Knowing that I couldn't afford to replace the WSF signals with fine detail FUD ones (or my later brass ones for that matter), my thoughts turned to cutting away the printed handrails that were too thick due to the WSF minimum design limits for 'wires' in the 3D printing process and replacing them with actual 0.015 inch phosphor bronze wire.
As a result I had been trying to come up with a jig for bending wire safety handrails for the left and right hand bracket signals and the single post signals for some time and had designed and had printed a trial version, but I wasn't happy with it. This was well over a year ago.
A couple of weeks ago my wife Chris brought home an Aldi weekly flyer and I noticed that they were going to have a small 3D filament style printer for sale on the coming Saturday for $299. I investigated the printer on-line and found that it was a re-badged version of an existing small printer (a Wanhao i3 Mini 3D printer), so after watching a couple of YouTube videos of the other printer I was there at opening time on the Saturday and came home with the printer and three 1 kg rolls of the PLA filament in white, grey and black at $34.95 a roll. Note that this printer only uses PLA plastic filament, no ABS plastic with this printer.
The Aldi printer is called a Cocoon Create and is actually from a company in Melbourne, here is the link.
A few months ago Aldi had a larger filament printer with a heated bed ($499) and probably better than this one but I thought that this was all I needed for what I had in mind.
The printer didn't need to be assembled and set up was minimal but the included small manual must be read. In a short while I had the printer working away on a small cute dragon to test it. About 7 hours later it finally finished the dragon. The result was reasonable but it was obvious that this printer wasn't going to be making any fine detail signals but then I knew that.
My purpose for the printer was to do trial prints of designs to make sure that they would be OK before I placed them on my shop. Now as it can't do everything I will concentrate on useful items that it can do.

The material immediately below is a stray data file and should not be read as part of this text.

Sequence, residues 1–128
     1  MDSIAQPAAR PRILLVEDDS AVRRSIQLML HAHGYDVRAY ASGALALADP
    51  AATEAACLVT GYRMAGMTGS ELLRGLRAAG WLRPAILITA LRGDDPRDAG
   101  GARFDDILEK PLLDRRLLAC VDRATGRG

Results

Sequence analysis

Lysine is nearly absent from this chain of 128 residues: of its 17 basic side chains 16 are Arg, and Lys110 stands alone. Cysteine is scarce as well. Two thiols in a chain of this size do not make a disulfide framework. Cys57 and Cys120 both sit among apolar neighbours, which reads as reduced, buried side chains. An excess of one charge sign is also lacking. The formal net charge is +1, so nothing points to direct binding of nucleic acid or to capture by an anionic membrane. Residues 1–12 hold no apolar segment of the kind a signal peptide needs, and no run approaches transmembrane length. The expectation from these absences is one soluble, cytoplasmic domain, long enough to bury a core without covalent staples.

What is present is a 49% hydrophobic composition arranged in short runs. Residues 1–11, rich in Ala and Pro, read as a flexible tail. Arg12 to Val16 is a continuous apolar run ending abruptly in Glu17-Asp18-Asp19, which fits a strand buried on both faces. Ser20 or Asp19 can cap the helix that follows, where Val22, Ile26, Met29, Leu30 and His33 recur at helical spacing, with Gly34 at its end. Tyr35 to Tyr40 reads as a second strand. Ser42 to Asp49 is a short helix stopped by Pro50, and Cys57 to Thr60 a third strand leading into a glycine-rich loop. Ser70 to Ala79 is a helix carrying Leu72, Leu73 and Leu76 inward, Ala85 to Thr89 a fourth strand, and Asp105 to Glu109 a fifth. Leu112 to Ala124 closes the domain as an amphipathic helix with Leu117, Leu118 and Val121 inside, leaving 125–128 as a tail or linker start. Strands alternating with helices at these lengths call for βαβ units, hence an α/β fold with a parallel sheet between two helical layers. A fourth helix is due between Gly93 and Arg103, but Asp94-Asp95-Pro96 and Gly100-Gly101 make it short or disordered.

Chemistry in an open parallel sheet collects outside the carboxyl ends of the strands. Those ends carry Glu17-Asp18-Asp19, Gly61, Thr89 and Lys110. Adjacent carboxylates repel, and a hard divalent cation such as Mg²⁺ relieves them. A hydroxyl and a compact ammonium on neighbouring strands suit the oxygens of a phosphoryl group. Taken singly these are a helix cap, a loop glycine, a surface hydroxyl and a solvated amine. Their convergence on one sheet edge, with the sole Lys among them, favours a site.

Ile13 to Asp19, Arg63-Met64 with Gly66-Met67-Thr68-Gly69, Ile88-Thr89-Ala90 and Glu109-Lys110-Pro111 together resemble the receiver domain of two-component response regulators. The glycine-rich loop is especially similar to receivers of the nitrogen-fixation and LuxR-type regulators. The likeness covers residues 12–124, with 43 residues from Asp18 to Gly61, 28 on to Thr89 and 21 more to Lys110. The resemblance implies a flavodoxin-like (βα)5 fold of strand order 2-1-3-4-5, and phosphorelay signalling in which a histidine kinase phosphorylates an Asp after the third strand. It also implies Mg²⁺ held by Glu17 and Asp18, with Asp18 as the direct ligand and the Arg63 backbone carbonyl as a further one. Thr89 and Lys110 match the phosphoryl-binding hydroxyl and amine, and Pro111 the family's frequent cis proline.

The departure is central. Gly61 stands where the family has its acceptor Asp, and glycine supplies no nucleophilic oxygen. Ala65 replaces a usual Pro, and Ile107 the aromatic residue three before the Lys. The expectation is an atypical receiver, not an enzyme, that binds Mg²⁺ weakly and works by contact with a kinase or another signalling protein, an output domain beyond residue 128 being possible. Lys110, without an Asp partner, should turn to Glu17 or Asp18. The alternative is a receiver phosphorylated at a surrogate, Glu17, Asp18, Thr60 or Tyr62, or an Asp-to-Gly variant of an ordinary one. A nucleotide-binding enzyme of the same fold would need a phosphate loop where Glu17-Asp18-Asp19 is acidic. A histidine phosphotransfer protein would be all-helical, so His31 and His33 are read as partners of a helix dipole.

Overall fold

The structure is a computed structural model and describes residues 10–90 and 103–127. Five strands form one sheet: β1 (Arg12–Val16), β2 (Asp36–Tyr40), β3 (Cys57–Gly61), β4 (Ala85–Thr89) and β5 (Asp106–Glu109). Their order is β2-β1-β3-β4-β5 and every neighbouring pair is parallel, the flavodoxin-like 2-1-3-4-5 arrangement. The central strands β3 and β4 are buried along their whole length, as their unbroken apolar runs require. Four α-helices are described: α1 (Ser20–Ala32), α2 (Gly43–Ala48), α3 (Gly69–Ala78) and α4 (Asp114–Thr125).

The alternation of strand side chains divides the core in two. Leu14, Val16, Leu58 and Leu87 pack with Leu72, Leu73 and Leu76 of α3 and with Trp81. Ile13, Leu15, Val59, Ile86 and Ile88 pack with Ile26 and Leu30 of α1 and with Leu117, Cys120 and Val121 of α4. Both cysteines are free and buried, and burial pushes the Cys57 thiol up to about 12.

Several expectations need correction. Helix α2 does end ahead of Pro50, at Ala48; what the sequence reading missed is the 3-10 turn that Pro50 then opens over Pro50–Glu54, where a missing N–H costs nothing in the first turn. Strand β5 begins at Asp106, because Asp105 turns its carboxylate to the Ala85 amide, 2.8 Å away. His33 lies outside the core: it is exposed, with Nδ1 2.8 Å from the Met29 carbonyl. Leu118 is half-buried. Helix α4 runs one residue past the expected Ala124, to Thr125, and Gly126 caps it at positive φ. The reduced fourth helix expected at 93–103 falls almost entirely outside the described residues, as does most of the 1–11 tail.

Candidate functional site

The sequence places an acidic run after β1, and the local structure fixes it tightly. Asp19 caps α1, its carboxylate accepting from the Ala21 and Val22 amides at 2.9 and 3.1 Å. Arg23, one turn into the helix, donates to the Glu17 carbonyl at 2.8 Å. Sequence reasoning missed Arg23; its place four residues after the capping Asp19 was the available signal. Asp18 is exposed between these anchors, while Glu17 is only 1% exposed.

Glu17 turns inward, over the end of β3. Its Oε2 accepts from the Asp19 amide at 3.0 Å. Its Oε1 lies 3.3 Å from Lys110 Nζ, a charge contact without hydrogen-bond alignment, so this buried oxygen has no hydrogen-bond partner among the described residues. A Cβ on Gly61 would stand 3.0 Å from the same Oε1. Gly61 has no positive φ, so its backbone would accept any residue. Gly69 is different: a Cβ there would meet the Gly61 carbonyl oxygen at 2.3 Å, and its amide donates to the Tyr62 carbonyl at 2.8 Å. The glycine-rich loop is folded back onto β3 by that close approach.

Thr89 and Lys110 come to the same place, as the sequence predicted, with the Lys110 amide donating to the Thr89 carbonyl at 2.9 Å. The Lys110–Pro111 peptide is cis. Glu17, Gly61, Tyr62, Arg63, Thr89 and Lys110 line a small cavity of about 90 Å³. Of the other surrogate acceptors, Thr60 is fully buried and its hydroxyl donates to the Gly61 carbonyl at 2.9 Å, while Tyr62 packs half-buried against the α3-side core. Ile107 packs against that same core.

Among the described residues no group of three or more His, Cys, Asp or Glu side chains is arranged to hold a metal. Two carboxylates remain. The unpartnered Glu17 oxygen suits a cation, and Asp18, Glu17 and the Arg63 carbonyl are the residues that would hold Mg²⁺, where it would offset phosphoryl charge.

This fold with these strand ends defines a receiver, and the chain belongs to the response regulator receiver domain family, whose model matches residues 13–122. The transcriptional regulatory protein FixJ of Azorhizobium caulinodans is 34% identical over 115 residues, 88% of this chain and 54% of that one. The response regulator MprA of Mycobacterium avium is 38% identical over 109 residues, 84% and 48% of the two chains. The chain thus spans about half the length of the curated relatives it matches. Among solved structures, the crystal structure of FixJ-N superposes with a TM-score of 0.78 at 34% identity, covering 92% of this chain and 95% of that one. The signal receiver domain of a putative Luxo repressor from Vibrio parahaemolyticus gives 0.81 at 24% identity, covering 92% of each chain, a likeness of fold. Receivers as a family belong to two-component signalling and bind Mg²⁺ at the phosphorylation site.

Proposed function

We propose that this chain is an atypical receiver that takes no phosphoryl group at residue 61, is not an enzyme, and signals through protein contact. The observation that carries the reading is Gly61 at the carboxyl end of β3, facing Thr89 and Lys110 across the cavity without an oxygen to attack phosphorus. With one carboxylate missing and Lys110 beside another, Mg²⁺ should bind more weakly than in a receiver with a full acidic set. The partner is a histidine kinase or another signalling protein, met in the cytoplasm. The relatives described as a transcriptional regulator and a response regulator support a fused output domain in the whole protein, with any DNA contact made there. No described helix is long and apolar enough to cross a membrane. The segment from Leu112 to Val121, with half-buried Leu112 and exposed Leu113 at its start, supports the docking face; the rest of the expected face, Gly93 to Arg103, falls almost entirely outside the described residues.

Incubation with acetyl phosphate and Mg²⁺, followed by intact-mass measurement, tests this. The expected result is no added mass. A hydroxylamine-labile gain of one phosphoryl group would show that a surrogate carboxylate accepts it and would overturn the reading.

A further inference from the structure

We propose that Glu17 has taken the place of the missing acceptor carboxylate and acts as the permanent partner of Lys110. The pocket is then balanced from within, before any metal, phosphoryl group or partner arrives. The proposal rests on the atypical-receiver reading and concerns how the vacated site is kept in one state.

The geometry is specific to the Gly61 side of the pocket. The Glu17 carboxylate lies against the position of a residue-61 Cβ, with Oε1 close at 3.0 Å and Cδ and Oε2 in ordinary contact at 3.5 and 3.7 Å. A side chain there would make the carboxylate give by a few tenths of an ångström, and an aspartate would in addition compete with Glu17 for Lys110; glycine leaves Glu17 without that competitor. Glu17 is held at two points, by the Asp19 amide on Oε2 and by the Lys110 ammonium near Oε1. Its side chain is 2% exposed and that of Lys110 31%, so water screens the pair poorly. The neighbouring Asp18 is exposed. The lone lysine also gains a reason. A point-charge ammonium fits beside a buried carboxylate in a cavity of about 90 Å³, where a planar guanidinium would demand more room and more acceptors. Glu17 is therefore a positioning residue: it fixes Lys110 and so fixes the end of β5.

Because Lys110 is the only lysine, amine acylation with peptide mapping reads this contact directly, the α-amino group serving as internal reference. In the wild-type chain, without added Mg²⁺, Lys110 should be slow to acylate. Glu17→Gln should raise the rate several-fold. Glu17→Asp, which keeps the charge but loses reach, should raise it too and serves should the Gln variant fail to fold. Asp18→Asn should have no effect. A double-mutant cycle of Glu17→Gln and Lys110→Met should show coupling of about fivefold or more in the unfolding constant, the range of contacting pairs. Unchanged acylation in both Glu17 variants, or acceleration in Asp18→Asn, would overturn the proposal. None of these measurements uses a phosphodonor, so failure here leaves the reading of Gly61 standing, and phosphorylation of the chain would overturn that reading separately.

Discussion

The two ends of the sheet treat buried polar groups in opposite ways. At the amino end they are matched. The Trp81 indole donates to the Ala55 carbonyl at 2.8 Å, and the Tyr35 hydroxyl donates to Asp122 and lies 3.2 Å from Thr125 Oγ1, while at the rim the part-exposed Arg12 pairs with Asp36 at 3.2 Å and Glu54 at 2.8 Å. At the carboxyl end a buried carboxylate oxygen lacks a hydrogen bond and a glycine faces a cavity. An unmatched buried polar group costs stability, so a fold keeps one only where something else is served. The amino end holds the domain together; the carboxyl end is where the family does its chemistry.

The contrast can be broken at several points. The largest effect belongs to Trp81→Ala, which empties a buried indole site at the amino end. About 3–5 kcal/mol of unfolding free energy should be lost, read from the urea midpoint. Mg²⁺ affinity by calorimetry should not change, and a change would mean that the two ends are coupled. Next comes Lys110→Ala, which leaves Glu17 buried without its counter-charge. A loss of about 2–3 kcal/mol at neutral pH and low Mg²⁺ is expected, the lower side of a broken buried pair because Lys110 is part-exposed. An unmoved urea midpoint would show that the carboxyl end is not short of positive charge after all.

I then spent about half a day working on re-designing and printing versions of the signal safety handrail jig and after three versions I had it sorted. Now it might be said that $400 is too much to make a signal safety handrail jig but apart from saving the Shapeways printing cost I had also saved time as the three jigs would have taken about three weeks each between print test, redesign and re-order and this is very important to me.
|Signal Handrail Jig Prototype|
|How to use the jig to bend the handrails|
Over the last two weeks I have also printed off a few different items to explore the limits of the printer and it does have limits. Basically a design is best to have a flat base as the printer only uses PLA plastic filament that is heated and extruded onto a unheated plate and the first layer must stick. If the base layer is too small the print will move and you will get a mess.The supplied software that produces the gcode for the printer has an option called a Brim which is like the brim on a hat, that is it will be add around the base of the model to assist in bonding to the printer base plate. There is also an option for a Raft that can be used for items that don't have a flat base and this is a support under the whole of the item.
Here are some servo motor brackets that I usually get from my Signals Branch shop.
|Servo Motor Brackets still with Brim|
Anyway, for those who are interested, I saw last Saturday that my local Aldi still had some printers and a small number of PLA rolls of filament. Be aware though that these basic printers aren't the type that are just press the button and go as some adjusting is required to produce a useful print, e.g. the printer base plate must be leveled for each print and attention needs to be paid to the printing temperature, Brim, Raft or None, etc. I was very aware of what I would have to do to get good prints as I have been watching the development of various types of 3D printers for many years.
So, back to the signals on the layout. I can make and add handrails, add one of my FUD signal ladders (available in 2 or 10 to a sprue) and add the wire ladder supports to a WSF signal in about 45 minutes now and I have done most of them with only about 8 more signals to add handrails to.
While the end result is not up to the standard of the fine detail or brass signals they still look quite good and are an easy upgrade.
Here are two photos of the partially completed signals in my Bylong station yard. The signals are yet to have the operating wires attached, be mounted and have the servo motors installed. The last thing I do with a signal is to glue the finial (NSWGR term is a pinnacle) onto the top of the post to limit damage while working on the signal.
|This bracket signal is complete and ready to go with LEDs|
Since Marcus Ammann has added working lights to his signals (WSF versions from my Signals Branch shop) on his Main North layout and they look good and can be seen from a distance I have decided to do the same. Some signals that can't be seen directly such as on a curve without direct line of site to the arm will have fascia mounted LEDs so I won't wire the 0603 Warm White SMD LEDs into those.
If you are interested I did a blog post on adding the LEDs to the above bracket. As a comparison to the photo above; the photos of the bracket signal in the post show it with the original printed handrails and ladder.
A big job doing all the signals for the layout but I think it is better to do it this way than piecemeal.